Transportation Secretary Elaine Chao in a recent
Prepare: Chao says, “I prepare so much more than some of my male colleagues, and I know women who are prepared more and we get ridiculed and it’s like, ‘Oh, my gosh. She’s just preparing so much. She’s such an automaton. Can’t she just like, wing it?’”
This one resonated with me, because it is one of the most important lessons I’ve learned in my career in sales. That’s because I’m not a “natural salesperson” who knows exactly what to say and when, or who has the confidence to just wing it. But when it comes harder for you, you get a little paranoid and plan a bit—actually, a lot—harder. That’s how I’ve won deals against competitors who were natural salespeople, and who were overconfident and therefore unprepared. So if you think you’re too good to plan, I hope to compete against you.
Don’t be afraid of mistakes: Chao says that coming from an Asian culture initially made her very worried about making a mistake, because Asians pay close attention to everything being said, and every word counts. But that doesn’t happen in American culture, because a) we’re just not good listeners, so we are less likely to catch small errors or remember everything that was said, and b) we’re much more forgiving when we do.
This point is the corrective to overpreparation. Plan as carefully as you can, and then relax. Mr. Murphy will inevitably show up and something will go off track. If you make a mistake, the crucial point is to immediately acknowledge it, own it, and move on. Especially in speeches and presentations, I’ve found that people will remember how you recover from an error far more than the error itself.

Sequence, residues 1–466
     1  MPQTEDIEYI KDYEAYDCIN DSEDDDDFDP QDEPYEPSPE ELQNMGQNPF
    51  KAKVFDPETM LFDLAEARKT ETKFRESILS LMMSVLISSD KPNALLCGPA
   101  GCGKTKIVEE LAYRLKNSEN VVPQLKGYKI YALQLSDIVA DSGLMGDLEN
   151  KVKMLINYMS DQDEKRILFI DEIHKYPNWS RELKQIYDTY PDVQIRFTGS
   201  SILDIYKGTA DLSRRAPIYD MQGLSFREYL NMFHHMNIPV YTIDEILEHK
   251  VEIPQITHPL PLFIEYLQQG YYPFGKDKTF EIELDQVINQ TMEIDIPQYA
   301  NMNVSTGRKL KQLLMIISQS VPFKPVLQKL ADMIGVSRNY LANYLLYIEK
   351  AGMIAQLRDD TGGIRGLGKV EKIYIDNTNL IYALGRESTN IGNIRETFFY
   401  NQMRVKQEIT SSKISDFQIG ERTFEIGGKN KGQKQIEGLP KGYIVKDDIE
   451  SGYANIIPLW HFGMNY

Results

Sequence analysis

Expertise empowers the person: I love this quote! When asked what made her successful in a very male environment, Chao responded, “because I knew what I was doing.” She always had “incredible subject area expertise.”
Many of my coaching clients ask for techniques to deal with nerves or increase the confidence that they display. Of course, there are numerous techniques, and I do share those, but not without first asking them why they have been chosen to speak to this particular audience on this particular occasion. The answer is always that they know more about this particular topic than anyone else in the room—otherwise someone else would have been asked to speak. It doesn’t matter whether you are a woman, a minority, or the youngest person in the room; if you have something useful to say, that no one else knows, you will always have power.
The title of this post is a bit disingenuous, because these three points actually have nothing to do with gender. They have everything to do with the fact that the best people to learn from are those who have to overcome the greatest obstacles to achieve success. Their initial lack of confidence is precisely what drives them to do the things that make them more confident and more successful.
 Although Sean Spicer may disagree on this point!
If you could think of one change to make in your communication habits that would make you more influential, more interesting, and more well-liked, what would it be? The answer, according to Frank Sesno—and one which I strongly endorse—is to ask more questions. In his book, Ask
In this review, I will ask and answer four questions:
- Why should you ask more questions?
- Why read this book?
- What are some of the main lessons?
- How should you read the book?
Why ask more questions?
You probably don’t ask enough questions—so what? The big-picture answer, filtered through the lens of lean communication, is that you are producing less value and more waste than you should. Value is defined by the listener, and if you don’t know your listeners as well as you should, how can you express your points in ways that are most likely to resonate with them? Asking more questions helps you zero in on exactly what’s important to the other person. But even better, asking questions engages the other person so that together you both create more value and more memorable communication. I love this quote from the book: “People forget what they heard, but they remember almost everything they say.”